Republican Tennessee lawmakers expelled one House Democrat, failed to expel another, and will vote on whether to expel one more who joined protesters in calling for stronger gun control following a school shooting.
Democratic state Rep. Justin Jones was expelled Thursday in a vote of 75-26, while state Rep. Gloria Johnson managed to hold on to her seat in a vote of 65-30. The legislative body is also expected to vote on whether to expel state Rep. Justin Pearson.
The expulsion hearings were in response to the three Democrats leading protesters in chants on the House floor last week without being recognized to speak. Hundreds of protesters, many of them children, called for stronger gun control following a school shooting that left three children and three adults dead last month.
It was the fourth time since the end of the Civil War that Tennessee House members expelled one of their elected colleagues.
In 1866, six lawmakers were ousted for attempting to prevent the ratification of the 14th Amendment, which granted citizenship to formerly enslaved people.
In 1980, GOP Rep. Robert Fisher was kicked out of the state House after being convicted of taking a $1,000 bribe to kill a committee bill.
And in 2016, Republican state Rep. Jeremy Durham was voted out of the House after 22 women accused him of sexual misconduct.
In Thursday’s historic case, at least one of the lawmakers was expelled for chanting for the prevention of gun violence. In the Republican-led resolution to expel the members, those protests were described as “disorderly behavior” that “knowingly and intentionally” brought “disorder and dishonor to the House of Representatives.”
“We called for a ban on assault weapons, and you called for an assault on democracy.”
House Republican Leader William Lamberth began expulsion proceedings by giving each member facing expulsion 20 minutes to speak. Jones, who represents a district in Nashville, was the first to speak, and called the proceedings a “spectacle.”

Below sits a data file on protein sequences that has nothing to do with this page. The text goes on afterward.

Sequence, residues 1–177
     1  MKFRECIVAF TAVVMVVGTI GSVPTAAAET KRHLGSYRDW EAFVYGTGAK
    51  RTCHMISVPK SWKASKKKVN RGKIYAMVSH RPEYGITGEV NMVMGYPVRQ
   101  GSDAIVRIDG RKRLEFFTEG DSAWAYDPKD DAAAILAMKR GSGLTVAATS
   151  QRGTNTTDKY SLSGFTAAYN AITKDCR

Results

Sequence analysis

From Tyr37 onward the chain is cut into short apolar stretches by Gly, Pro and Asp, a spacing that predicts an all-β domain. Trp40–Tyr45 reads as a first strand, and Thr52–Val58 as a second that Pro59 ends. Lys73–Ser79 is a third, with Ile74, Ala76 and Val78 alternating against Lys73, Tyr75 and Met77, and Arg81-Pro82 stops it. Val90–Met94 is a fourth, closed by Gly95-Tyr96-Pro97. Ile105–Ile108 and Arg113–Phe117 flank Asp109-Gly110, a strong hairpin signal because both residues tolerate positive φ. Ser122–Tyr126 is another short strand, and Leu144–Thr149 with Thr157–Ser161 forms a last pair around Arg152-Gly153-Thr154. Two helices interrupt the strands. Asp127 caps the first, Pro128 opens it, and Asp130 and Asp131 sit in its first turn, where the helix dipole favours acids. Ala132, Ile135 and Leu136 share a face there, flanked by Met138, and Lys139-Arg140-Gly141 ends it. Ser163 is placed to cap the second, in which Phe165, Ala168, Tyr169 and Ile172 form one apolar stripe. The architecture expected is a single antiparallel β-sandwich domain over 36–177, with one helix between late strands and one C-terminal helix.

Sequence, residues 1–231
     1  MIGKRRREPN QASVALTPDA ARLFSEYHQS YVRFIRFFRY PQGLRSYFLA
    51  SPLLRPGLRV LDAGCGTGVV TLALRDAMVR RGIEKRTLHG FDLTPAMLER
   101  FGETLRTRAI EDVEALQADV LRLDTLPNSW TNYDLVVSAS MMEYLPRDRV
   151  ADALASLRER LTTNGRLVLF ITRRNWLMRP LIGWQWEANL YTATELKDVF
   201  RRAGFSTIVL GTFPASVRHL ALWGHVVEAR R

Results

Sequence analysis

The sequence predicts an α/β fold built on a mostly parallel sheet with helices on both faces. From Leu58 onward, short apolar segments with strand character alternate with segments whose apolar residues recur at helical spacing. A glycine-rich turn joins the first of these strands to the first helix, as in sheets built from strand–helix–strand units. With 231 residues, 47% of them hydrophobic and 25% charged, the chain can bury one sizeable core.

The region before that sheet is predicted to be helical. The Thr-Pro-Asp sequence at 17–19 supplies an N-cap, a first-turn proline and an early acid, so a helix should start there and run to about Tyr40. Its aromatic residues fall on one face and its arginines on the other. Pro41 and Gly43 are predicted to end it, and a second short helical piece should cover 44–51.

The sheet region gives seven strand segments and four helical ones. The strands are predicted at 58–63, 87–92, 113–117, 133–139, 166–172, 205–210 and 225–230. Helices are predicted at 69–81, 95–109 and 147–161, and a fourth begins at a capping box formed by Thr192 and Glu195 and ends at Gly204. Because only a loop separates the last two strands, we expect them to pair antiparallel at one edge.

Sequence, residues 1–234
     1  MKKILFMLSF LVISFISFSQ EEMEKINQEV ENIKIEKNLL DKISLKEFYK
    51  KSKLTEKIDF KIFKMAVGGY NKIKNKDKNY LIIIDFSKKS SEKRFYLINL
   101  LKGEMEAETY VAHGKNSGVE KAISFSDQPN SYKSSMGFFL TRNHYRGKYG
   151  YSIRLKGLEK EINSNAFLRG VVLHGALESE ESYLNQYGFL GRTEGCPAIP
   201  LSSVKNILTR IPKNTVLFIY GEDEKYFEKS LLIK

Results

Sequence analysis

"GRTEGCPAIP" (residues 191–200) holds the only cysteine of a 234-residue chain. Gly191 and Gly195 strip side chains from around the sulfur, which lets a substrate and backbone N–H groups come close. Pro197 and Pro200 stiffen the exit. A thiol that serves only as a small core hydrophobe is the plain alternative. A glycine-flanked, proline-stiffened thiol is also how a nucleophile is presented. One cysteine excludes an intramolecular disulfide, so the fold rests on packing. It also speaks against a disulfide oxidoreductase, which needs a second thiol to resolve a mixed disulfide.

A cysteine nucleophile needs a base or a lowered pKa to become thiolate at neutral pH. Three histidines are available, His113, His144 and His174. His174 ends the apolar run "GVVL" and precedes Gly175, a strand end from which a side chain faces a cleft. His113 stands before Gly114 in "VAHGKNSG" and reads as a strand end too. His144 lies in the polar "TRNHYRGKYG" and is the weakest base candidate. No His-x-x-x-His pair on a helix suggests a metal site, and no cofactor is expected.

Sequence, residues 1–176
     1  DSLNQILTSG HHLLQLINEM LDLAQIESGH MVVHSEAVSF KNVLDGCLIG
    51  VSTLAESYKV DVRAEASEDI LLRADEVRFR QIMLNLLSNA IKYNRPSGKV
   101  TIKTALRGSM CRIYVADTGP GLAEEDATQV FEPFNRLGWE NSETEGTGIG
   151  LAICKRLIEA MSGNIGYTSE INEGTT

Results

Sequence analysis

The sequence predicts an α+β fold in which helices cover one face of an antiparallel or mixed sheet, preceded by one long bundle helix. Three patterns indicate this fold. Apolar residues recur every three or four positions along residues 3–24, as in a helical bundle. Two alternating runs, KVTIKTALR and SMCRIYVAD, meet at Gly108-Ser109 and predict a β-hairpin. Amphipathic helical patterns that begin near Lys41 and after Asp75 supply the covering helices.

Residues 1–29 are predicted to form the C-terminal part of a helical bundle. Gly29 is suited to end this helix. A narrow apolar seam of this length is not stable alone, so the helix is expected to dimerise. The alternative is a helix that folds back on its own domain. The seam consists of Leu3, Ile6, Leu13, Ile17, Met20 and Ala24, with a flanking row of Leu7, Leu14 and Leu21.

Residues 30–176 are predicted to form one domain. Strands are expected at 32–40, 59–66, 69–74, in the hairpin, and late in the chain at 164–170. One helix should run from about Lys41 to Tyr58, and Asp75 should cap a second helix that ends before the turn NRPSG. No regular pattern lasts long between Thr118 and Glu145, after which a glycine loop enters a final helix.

“What we see today is just a spectacle. What we see today is a lynch mob assembled not to lynch me, but our democratic process,” Jones said.
Jones said he was standing up for his constituents when he joined them in protest for gun control.
“I was standing for young people ― many of whom can’t even vote yet, many who are disenfranchised ― but all of whom are terrified by the continued trend of mass shootings plaguing our state and plaguing this nation.”
Jones said Republican lawmakers have put their “heads in the sand” and “refuse to listen to the voice of the people.”
“We called for a ban on assault weapons, and you called for an assault on democracy,” Jones said.
Democratic state Rep. Bob Freeman said before the vote that it would set “a very dangerous precedent.”
“There are 78,000 people that Jones represents,” Freeman said. “He was elected in a competitive primary. This is who that district wants to represent them.”
After Jones was expelled, Johnson, who represents a district in Knoxville, was next to defend her actions. Under questioning from GOP state Rep. Gino Bulso, Johnson denied that she was yelling during the protest.
“I believe the charges were that I was yelling, and I was not yelling,” Johnson said. “We may have broken a House rule by approaching the well, but much of this document is false.”
Bulso pressed Johnson on whether or not she chanted with protesters.
“What is my crime, sir?” Johnson asked. “You continue to ask this question. I think we’ve been through it over and over and over. I came to the well, I stood with my colleagues, I fought for my constituents, in a quiet, non-desk-pounding [way].”
Johnson, a former teacher, said she spoke up for the people in her district who are sick of gun violence.
“I did what I felt those folks wanted me to do,” she said. “It’s not a secret, my folks sent me here because they know I’m a fighter. I will fight for them.”
It takes 66 votes to expel a House member, meaning the 65-30 vote was ultimately not enough to expel Johnson.
During his own remarks, Pearson reminded his fellow lawmakers that the U.S. was founded on protest.
“You who celebrate July 4, 1776, pop fireworks and eat hot dogs ― you say to protest is wrong because you spoke out of turn, because you spoke up for people who are marginalized, because you spoke up for kids who won’t ever speak again … in a country built on people who speak out of turn,” he said.
Democratic state Rep. Jesse Chism addressed the chamber, saying he wanted to “speak to the humanity of everyone in the room” and noting that Pearson, 29, hasn’t been a member of the House for long.
Pearson is “a member that is just learning the decorum of this body, a member who has proven himself to be hardworking, articulate, eloquent,” Chism said. “And although this member moves a little bit different from most of us ― I’ll even go as far to say he moves different than I do ― this is a member that deserves to be a part of this body.”